Think Like A Freak

Think Like A Freak

The Authors of Freakonomics Offer to Retrain your Brain

Average Rating:
Rate this:
Presents a decision-making handbook that analyzes one's decisions, plans, and morals, showing how insights can be applied to daily life to make smarter, harder, and better decisions.
Publisher: New York : HarperCollins
Copyright Date: ©2014
ISBN: 9780062218360
Characteristics: 1 online resource
text file

Related Resources


From the critics

Community Activity


Add a Comment

Aug 22, 2017

If your goal is to become an unemployed bs artist then reading this book will help you.

baruch5361 Dec 29, 2015

A great read would recommend for any one.

Sep 15, 2015

I love Steven and Stephen. I was blown away a few years ago by Freakonomics and now I tore through this book, Think Like a Freak, in just two nights. Along the way I was reminded that I somehow missed SuperFreakonomics. (Now added to my to-read list.) The process of thinking like a freak starts with a fundamentally simple underlying principle, a classic tenet of science: Look at the data without bias and draw your conclusions accordingly. The key here is "without bias." That problem alone could account for the deficit of useful scientific discourse in the world today. On the flip side, as any Freak will tell you, bias sells so that's a powerful incentive to overcome. With the above foundation in place Steven and Stephen next go looking for hidden causalities that may be undergirding everyday phenomenon. Here I'm reminded of H. L. Mencken, "For every complex problem there is an answer that is clear, simple, and wrong." In the economic arena of cause and effect it's easy to think the root of a problem is one thing when it might be something else entirely. Or maybe there are entrenched incentives blocking an obvious solution. Sometimes the truth is hidden; sometimes our biases cause us to want to not see the truth. This book provides plenty of real-world examples to explore these ideas. To Think Like a Freak is to not only think outside of the box, but to think outside of our own preconceived notions.

francis_e Sep 14, 2015

A surprisingly boring book coming from an author I had very high expectations from. This book is a shinning example of knowing to quit while you are ahead. Very few original insights are given and the author essentially spends the entire book re-hashing famous points he made in the past while weaving in cliched sayings that could be picked from your grandmothers favourite Ann Landers column.

If you must read I would definitely check out from the library, not worth the 15$ purchase.

Aug 16, 2015

With their usual wit and clear, concise writing, Levitt and Dubner explain in layman terms the methodology that they used for their now famed Freakenomics series. Illustrated with curious yet compelling examples, it reveals basically two elements: you need lots of data and you need to be curious. Experimentation, long relegated to the sphere of "hard" sciences can, and should, be applied to social sciences. In this book, the authors debunk some of the steadfast assumptions that we hold and challenge the reader to reframe and reset filters and world views.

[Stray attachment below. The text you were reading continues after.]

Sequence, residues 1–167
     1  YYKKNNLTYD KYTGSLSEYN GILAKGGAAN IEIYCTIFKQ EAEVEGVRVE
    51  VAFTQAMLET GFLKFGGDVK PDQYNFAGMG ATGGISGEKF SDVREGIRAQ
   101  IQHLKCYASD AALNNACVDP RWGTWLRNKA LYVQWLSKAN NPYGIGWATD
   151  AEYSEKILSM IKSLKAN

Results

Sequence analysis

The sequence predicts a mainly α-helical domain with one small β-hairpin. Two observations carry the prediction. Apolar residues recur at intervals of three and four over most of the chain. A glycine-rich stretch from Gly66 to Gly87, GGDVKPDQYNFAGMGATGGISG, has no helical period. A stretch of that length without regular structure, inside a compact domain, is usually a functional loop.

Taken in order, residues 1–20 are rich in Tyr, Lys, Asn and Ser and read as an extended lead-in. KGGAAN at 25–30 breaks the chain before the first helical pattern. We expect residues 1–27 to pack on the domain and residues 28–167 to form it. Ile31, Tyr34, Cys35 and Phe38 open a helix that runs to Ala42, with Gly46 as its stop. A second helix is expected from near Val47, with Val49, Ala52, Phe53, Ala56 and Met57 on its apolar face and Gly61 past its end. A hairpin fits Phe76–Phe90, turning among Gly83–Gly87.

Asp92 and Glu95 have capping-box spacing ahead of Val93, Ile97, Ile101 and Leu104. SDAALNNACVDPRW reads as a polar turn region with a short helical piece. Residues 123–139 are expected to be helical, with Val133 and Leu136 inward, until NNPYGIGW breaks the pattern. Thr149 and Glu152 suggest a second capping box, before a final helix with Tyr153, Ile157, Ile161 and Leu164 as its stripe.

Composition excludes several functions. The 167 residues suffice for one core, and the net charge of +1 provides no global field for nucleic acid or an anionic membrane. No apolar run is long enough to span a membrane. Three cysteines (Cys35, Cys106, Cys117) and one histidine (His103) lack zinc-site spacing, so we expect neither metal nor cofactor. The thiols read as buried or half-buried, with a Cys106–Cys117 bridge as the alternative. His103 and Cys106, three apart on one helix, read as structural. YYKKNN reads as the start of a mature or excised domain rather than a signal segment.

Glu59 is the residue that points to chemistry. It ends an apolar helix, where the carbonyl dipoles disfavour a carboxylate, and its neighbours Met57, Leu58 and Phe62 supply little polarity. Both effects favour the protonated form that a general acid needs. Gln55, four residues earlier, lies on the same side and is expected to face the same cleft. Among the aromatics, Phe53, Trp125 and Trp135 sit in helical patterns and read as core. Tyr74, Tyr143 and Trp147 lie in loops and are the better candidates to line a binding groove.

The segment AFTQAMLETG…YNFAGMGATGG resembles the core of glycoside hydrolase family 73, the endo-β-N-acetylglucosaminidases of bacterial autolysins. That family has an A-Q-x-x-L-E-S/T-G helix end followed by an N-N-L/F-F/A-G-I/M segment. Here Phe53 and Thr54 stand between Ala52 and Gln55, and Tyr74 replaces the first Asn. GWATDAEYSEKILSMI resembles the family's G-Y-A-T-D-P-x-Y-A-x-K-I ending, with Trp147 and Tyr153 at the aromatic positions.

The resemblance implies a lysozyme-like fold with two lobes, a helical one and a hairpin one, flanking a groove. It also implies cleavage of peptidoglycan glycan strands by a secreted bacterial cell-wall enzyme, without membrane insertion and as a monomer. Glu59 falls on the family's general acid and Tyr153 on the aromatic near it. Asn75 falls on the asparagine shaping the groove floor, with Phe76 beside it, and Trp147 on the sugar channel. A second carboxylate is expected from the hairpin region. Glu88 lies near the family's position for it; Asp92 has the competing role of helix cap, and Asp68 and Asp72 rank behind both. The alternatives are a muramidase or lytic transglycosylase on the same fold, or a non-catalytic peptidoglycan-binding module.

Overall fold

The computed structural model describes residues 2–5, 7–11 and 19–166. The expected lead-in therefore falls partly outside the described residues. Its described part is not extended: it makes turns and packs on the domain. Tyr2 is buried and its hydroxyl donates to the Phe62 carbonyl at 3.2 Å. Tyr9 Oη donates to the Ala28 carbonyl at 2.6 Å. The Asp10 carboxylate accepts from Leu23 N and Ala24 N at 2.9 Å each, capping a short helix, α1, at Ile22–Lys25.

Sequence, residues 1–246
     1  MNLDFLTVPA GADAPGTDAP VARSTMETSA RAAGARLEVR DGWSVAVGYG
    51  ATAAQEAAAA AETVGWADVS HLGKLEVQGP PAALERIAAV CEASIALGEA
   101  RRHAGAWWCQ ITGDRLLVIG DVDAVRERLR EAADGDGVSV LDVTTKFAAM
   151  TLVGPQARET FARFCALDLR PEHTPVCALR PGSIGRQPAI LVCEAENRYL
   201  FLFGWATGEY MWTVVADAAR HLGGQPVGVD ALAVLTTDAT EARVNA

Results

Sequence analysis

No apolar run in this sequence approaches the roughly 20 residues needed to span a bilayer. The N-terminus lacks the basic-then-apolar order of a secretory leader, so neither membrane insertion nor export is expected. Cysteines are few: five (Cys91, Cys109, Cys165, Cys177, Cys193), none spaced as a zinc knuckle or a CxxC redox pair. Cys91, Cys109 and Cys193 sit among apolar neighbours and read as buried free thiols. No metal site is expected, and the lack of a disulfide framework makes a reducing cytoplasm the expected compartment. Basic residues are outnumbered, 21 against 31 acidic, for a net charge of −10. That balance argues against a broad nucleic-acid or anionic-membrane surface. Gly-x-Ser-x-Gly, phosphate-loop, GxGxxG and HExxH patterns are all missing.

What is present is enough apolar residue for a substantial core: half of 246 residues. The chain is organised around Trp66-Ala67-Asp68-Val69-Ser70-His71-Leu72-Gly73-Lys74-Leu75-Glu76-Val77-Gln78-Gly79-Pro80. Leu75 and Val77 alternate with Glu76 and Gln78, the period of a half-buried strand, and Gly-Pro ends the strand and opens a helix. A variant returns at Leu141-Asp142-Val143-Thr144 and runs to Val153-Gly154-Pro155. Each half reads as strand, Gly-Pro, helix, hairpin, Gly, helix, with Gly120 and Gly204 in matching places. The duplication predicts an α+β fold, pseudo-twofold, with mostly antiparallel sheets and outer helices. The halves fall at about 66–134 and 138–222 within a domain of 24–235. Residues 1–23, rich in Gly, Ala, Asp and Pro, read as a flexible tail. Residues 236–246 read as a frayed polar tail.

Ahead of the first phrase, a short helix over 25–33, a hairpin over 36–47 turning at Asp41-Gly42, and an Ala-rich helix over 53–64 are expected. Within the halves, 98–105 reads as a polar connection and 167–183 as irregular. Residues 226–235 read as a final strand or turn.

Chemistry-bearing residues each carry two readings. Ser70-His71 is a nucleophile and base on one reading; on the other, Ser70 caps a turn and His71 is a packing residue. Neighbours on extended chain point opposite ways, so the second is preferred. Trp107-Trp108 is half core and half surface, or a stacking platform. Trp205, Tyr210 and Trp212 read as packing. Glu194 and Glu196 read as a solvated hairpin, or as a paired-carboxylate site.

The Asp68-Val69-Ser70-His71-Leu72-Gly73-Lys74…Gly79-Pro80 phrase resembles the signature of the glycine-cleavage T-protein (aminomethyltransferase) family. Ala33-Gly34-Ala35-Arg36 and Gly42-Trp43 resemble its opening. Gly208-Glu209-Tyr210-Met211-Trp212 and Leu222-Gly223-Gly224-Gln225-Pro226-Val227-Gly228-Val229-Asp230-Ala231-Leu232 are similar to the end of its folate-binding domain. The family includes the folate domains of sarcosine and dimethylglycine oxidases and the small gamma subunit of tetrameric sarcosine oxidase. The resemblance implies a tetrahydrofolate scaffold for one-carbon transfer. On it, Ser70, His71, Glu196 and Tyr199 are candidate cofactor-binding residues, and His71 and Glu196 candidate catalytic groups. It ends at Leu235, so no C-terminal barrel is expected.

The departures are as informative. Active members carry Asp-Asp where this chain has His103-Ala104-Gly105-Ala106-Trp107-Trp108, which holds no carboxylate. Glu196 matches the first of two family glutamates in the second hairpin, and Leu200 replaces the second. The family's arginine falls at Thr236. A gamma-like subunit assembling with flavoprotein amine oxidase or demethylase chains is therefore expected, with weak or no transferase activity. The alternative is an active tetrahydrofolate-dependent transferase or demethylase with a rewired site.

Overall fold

Their conclusions are not great ones, but they are well formulated, sound... and an entertaining read if nothing else!

Jun 22, 2015

Reading this book is not going to give you the answer to the big problems (i.e. world hunger) but it is going to make you think...and that's the whole point. So many people today believe they have all the answers and can be quite nasty about any other thoughts. While they probably won't read this book, I am glad I did. It's a great light read.

Feb 27, 2015

Love these two - Good read for us Econo-Freaks.....More please may I have another!

Oct 05, 2014

I will ready this book!

Jul 08, 2014

I have enjoyed all three books by these two authors. I hope to read another by them down the road. Giving me a new take on things I thought I knew for sure, that is how I would describe this and other 'freaky' books by these two...

Jun 16, 2014

I haven't yet read Freakonomics, this book's best-selling predecessor, or its follow-up, but I think now I will, having enjoyed this one so much. Think Like A Freak really just encourages you to reconsider what you think you know about the world and the people in it, and suggests there's value in engaging them in less dogmatic ways. (Including learning not to be afraid to ask questions others might consider obvious or even impolite.)
The authors' message is presented in a refreshingly breezy, conversational and frequently humorous tone, often using quirky real-life people and stories to illustrate their points. Highly recommended.

View All Comments


Add Age Suitability

There are no ages for this title yet.


Add a Summary

There are no summaries for this title yet.


Add Notices

There are no notices for this title yet.


Add a Quote

There are no quotes for this title yet.

Explore Further

Browse by Call Number

Subject Headings


Find it at MCPL

To Top